Chinese activist Xu Zhiyong, convinced his conviction is all but certain in an upcoming Beijing trial, plans to fight the charges, his lawyer said Friday.
Xu, 40, will be tried next week for "assembling a crowd to disrupt order in a public place," a crime punishable by up to five years imprisonment, his lawyer Zhang Qingfang told the New York Times.
"This trial is basically just going through the motions. We can foresee the outcome already," Zhang said, adding Chinese courts are controlled by the Communist Party and rarely find defendants in politically continuous cases innocent.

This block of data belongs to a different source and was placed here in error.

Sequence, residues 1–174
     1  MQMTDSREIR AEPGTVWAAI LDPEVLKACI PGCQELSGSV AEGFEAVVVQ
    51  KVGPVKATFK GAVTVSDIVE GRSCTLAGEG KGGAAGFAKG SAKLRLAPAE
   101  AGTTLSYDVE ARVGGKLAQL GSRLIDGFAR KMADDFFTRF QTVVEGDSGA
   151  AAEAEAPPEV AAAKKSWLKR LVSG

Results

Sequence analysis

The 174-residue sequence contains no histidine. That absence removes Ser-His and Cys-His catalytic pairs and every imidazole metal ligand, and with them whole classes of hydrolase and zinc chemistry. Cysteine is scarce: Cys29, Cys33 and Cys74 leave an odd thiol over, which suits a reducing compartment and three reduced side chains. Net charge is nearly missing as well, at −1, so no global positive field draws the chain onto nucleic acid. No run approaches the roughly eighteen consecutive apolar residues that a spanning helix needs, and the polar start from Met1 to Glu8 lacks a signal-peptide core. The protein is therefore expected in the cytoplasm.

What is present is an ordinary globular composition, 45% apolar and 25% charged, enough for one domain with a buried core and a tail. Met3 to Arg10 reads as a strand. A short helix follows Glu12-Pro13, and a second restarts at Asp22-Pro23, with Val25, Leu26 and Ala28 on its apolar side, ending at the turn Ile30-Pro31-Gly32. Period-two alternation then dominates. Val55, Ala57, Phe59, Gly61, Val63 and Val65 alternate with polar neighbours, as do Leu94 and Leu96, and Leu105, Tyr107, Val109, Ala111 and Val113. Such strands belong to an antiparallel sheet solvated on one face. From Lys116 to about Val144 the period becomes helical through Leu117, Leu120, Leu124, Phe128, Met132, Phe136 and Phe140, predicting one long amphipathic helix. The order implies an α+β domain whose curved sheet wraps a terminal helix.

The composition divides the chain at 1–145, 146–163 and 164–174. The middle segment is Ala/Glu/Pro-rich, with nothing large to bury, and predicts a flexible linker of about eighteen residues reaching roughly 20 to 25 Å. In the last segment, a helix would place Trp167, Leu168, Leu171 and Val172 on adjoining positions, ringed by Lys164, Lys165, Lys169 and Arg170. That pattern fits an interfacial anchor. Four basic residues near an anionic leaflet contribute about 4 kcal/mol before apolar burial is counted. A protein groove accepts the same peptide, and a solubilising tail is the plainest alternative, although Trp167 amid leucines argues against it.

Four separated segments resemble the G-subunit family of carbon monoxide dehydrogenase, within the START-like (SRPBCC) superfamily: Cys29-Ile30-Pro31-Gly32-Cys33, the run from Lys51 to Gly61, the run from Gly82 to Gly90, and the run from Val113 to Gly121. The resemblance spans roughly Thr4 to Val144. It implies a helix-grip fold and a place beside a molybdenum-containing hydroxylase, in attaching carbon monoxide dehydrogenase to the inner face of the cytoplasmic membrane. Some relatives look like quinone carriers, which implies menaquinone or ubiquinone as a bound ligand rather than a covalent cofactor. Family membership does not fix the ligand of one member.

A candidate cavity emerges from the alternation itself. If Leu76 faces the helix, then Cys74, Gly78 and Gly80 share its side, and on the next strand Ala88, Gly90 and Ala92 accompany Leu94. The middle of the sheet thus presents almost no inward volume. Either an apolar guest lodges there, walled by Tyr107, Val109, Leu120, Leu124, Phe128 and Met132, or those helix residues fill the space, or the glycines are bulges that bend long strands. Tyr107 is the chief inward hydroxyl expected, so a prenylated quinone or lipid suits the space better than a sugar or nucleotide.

Xu, a former law professor, is among China's most prominent human rights advocates and has spent the past decade campaigning against arbitrary detention by police, discriminatory barriers against rural schoolchildren and "black jails" used to secretly detain citizens who complain to officials.
He was detained by police in July 2013 after orchestrating a series of small protests across China, and had been under informal house arrest since April.
His supporters say his trial will be an attempt by President Xi Jinping and other Communist Party leaders to squelch organized opposition to challenge of their control, the newspaper said.